CFPB Continues to Enhance Regulatory Authority Over Consumers’ Access to Their Financial Data

Published: Jan. 25, 2024

With the comment period recently closed, the content and implications of the Consumer Financial Protection Bureau (“CFPB”)’s  advanced notice of proposed rulemaking warrant particular attention. The proposed Personal Financial Data Rights Rule (“Proposed Rule”) builds upon earlier CFPB guidance, such as the previously announced Consumer Protection Principals, and seeks to give consumers more ways to access their financial information. 

Unlike the prior guidance, the Proposed Rule would mandate specific access and use requirements for three types of entities:

1. Data Providers:

Data Providers are those who control or process consumer financial information such as: “financial institutions” (as defined under Reg. E); “card issuers” (as defined under Reg. Z); or entities that operate any product or service that facilitates payments from a Reg. E account or Reg. Z credit card. The Proposed Rule also includes some exclusions to this definition.

2. Authorized Third Parties:

Authorized Third Parties are those who have been granted access to a consumer’s financial information held by Data Providers. A third party may only obtain such access through compliance with proposed consumer authorization procedures.

3. Data Aggregators:

Data Aggregators are those who provide services to and enable access to Covered Data by Authorized Third Parties. Although Authorized Third Parties are principally responsible for Proposed Rule compliance obligations, many obligations flow down to Data Aggregators as well.

The Proposed Rule would allow consumers to access their financial information (or “Covered Data,1” including account balance, payment details, and transaction information) through an Authorized Third Party who would receive access to the consumer’s financial information through a mandatory, standards-based, Data Provider Interface. In other words, consumers would continue to use the bank’s web portal or application, while Authorized Third Parties could now access the same customer financial information through a Data Provider Interface. Notable requirements for this Data Provider Interface include standards-based, dedicated, uniform, reliable, and secure access.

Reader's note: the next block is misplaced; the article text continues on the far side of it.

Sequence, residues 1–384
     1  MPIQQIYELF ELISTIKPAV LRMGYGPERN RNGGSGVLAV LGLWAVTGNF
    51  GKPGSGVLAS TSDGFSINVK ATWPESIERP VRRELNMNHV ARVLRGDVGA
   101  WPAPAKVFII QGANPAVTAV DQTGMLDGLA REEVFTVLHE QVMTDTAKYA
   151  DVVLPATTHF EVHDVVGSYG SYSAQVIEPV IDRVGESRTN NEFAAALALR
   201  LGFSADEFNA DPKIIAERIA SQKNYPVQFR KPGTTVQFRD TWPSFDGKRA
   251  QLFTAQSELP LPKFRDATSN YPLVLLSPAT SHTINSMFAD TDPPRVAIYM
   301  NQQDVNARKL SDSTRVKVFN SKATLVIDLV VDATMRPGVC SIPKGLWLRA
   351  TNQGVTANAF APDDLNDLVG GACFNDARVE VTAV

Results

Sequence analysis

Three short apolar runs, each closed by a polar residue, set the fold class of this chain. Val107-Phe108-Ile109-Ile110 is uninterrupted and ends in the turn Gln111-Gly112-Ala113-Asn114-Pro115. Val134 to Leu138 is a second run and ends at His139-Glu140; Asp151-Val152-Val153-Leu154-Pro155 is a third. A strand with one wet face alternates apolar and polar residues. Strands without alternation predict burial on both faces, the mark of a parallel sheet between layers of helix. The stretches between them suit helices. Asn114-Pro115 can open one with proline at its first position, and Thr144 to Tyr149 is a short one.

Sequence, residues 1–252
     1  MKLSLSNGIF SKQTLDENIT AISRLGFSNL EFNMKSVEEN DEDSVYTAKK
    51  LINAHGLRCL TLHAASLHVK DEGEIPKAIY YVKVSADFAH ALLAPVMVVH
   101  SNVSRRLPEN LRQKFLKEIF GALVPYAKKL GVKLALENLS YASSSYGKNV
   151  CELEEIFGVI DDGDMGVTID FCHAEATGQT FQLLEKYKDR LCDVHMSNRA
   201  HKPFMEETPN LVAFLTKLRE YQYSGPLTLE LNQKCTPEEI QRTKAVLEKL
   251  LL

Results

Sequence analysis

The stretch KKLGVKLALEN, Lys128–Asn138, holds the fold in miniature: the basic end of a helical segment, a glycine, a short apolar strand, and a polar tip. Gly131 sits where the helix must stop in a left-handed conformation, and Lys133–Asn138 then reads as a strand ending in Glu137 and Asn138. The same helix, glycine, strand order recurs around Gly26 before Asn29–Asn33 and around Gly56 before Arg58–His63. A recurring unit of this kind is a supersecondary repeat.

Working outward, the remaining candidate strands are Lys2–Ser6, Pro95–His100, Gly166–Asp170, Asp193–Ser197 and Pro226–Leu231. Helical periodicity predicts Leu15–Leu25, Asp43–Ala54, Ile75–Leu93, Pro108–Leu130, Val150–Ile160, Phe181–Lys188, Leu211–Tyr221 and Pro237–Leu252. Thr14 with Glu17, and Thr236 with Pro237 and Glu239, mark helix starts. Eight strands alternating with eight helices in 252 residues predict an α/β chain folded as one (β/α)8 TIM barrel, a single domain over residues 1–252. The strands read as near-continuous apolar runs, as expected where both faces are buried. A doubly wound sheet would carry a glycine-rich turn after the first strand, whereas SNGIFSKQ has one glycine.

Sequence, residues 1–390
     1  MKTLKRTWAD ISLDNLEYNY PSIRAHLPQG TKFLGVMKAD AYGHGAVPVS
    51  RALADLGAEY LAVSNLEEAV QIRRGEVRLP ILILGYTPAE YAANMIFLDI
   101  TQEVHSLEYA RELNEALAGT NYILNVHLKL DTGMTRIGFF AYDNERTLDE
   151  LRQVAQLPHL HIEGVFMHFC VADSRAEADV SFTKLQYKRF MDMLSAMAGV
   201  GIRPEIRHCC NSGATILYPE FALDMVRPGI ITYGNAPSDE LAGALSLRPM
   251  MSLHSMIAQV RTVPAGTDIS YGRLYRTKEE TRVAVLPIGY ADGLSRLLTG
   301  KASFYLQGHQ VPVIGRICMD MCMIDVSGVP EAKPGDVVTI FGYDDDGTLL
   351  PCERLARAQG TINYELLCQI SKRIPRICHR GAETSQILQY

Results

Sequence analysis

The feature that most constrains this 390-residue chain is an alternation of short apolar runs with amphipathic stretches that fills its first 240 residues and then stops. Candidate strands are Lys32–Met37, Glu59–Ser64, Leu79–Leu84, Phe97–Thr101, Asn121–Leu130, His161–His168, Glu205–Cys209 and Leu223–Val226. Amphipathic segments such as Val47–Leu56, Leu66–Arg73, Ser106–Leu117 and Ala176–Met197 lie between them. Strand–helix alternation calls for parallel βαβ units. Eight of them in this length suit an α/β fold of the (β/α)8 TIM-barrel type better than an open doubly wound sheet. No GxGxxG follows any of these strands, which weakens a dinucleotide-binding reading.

Significantly, the Proposed Rule does not allow Authorized Third Party access through “any credentials that a consumer uses to access the consumer interface.” This prohibition on credential reuse is largely aimed at stopping the current practice of screen scraping by third parties, such as personal finance management apps that obtain and use consumers’ credentials to log in to Data Provider’s services and extract certain account information. Indeed, the CFPB has characterized this screen scraping as a “risky data collection practice.” Instead, Data Providers will likely offer tokenized authentication and authorization. Tokenized authentication relies upon industry standards, such as OAuth, where applications receive approved access without the need to exchange passwords.

While Data Providers can impose certain restrictions on access to the Data Provider Interface (e.g., outright blocking of access or access frequency limitations), they are required to comply with relevant process obligations, including written governance documents regarding denials of access (policies and procedures) and documentation of the reasonableness of limiting access frequency. Lastly, the Proposed Rule requires Data Providers to address several compliance activities, including establishing and maintaining policies and procedures that address topics such as verification, security, record keeping, and mechanisms to honor consumer third-party access revocation requests.

Authorized Third Parties must also meet similar security obligations while processing Covered Data on behalf of consumers, along with additional authorization and use restrictions. Third parties must obtain consumer authorization to access Covered Data through a clear, conspicuous, and segregated disclosure prior to being granted access. Upon receiving access to consumer Covered Data, the now Authorized Third Party must limit its “collection, use, and retention of covered data to what is reasonably necessary to provide the consumer’s requested product or service,” and the CFPB would prohibit reuse for targeted advertising, cross-selling of other products or services, or sale of Covered Data.

The above is only an overview of the Proposed Rule, so we will continue to monitor how and whether it evolves while the CFPB seeks to accomplish the stated goals of establishing standards for Data Providers and Authorized Third Parties while maintaining fairness, inclusivity, security, and transparency for consumer financial data accessibility and usability.

1 Proposed Rule § 1033.211 provides a detailed definition